Rootless Cones at Mount Pavagarh, Gujarat(Deccan traps)
Rootless cones, also (erroneously) called pseudocraters, form due to explosions that ensue whena lava flow enters a surface water body, ice, or wet ground. They do not represent primary vents
connected by vertical conduits to a subsurface magma source. Rootless cones in Iceland are well studied. Cones on Mars, morphologically very similar to Icelandic rootless cones, have also been suggested to be rootless cones formed by explosive interaction between surface lava flows and ground ice.
WHAT ARE ROOTLESS CONES AND HOW DO THEY FORM??
Many volcanic terrains all over the globe contain deposits and landforms that indicate interaction of lava, or magma, with surface or near-surface water. Phreatic is the term used for steam explosions resulting from conversion of water to steam
due to magmatic heat, but if juvenile magma is also thrown out of a volcanic vent besides steam and fragments of the country rock, the explosions are described as phreatomagmatic.also thrown out of a volcanic vent besides steam and fragments of the country rock, the explosions are described as phreatomagmatic.or near-surface water and the resulting mild explosions produce scoria and spatter that accumulate to form small cones around the explosion spots
(Thorarinsson 1953). Typical locations where this happens are stream or river beds, lakes, or watersaturated sediments. The typical feature of rootless cones is internal stratification with reverse grading (coarser material toward the top), and the cones
are capped with welded spatter, which sequence indicates decreasing explosivity during the course of their formation, arguably due to volatile depletion. A single cone is usually the result of several explosions attendant upon rapid groundwater recharge
A rootless cone may form when lava flowing through an internal pathway through a lava flow (a lava tube) presses down into the underlying, lower-density, water-saturated sediment (figure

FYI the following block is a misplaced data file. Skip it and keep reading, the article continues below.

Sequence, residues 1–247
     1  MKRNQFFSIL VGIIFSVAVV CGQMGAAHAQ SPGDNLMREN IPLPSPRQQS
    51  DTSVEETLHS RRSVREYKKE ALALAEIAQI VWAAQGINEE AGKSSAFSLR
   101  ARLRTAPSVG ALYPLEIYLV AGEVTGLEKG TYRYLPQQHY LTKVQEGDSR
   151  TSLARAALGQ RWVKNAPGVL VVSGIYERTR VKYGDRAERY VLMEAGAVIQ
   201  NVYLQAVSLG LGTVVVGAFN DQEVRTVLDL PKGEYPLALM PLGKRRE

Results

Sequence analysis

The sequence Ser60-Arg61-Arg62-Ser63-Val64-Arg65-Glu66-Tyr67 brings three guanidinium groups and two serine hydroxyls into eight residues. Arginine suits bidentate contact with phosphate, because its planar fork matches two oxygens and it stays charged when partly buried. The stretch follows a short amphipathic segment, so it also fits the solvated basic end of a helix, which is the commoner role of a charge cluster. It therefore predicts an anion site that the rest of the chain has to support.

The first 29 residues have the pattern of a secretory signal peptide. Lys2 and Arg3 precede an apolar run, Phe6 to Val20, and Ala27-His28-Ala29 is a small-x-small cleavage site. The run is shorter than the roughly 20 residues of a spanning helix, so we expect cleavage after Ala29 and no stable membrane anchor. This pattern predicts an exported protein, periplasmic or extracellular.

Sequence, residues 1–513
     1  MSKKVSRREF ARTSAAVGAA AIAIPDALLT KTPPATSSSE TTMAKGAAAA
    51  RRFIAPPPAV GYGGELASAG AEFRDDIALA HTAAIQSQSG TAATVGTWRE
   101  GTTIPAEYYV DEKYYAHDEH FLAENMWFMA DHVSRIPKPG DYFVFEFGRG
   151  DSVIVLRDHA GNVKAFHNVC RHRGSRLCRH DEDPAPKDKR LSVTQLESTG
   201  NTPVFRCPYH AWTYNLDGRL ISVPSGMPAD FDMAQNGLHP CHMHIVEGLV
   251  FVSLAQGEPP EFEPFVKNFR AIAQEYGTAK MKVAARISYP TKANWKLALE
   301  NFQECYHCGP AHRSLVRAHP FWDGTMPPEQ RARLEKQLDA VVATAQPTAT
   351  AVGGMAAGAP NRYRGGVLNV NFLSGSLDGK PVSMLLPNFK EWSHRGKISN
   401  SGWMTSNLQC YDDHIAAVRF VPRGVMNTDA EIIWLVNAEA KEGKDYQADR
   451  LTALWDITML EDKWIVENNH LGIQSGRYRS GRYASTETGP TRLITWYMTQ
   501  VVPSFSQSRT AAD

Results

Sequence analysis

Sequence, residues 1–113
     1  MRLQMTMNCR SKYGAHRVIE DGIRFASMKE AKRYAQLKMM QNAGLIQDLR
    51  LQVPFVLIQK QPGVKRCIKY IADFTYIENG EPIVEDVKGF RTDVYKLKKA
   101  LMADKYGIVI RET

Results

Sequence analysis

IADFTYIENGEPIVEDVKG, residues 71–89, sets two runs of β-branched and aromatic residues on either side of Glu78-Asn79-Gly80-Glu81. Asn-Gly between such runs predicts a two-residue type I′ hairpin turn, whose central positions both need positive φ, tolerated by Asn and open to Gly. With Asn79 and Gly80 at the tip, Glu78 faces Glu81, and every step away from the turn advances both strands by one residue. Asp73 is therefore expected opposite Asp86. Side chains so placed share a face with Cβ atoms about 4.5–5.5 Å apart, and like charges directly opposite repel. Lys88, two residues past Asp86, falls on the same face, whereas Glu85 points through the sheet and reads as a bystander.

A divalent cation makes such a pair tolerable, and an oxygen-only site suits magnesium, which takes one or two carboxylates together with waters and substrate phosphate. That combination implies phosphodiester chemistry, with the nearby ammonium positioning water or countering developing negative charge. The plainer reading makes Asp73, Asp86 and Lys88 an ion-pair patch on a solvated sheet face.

4a). Cracks develop in the lower lava crust and bring about contact of and explosive interaction between the lava and the water-saturated sediment. When an explosion occurs (figure 4b), further
lava flow movement (and further rootless cone formation in the downflow direction) is halted, but more rootless cones can form upflow, and along the new lava tube network that progressively develops.
ROOTLESS CONES ON PAVAGADH HILL: Rootless cones have been described from the Martian surface as well as on earth . The type area is Myvatin, Iceland.Pavagadh cones have been claimed to be rootless cones because :
• they are similar in size to rootless cones known
from Iceland and elsewhere;
• they have a strong morphological resemblance
to the rootless cones from the type locality of M´yvatn, northeastern Iceland;
• the various cones are overlapping, and stand “shoulder-to-shoulder”
They have not produced lava flows themselves (volcanic cones that are eruptive vents, e.g., cinder cones, often have lava flows issuing from them);
• they occur on a basalt flow, are surrounded by the lava flow and are not deformed by motions of the lava, i.e., they formed subsequent to the host lava flow after its surface crust had frozen
— obviously the lava that formed scoria by mixing with water was fed to the lava flow internally, consistent with observations elsewhere in the world;
Though the area left today after erosion through 65–60 million years is relatively small, the Pavagadh cones and craters 837
Pavagadh cones have an apparently random distribution,
similar to that known for Icelandic and Martian rootless cones
Fig. 1: Cones from martian surface
Fig. 2:Cones from Iceland
Reference:Cones and craters on Mount Pavagadh, Deccan Traps:
Rootless cones? by Hetu C Sheth∗, George Mathew, Kanchan Pande, Soumen Mallick and Balaram Jena
Department of Earth Sciences, Indian Institute of Technology Bombay, Powai, Mumbai 400 076, India.
Thanks to a good friend of mine Nishil Iyer for this information.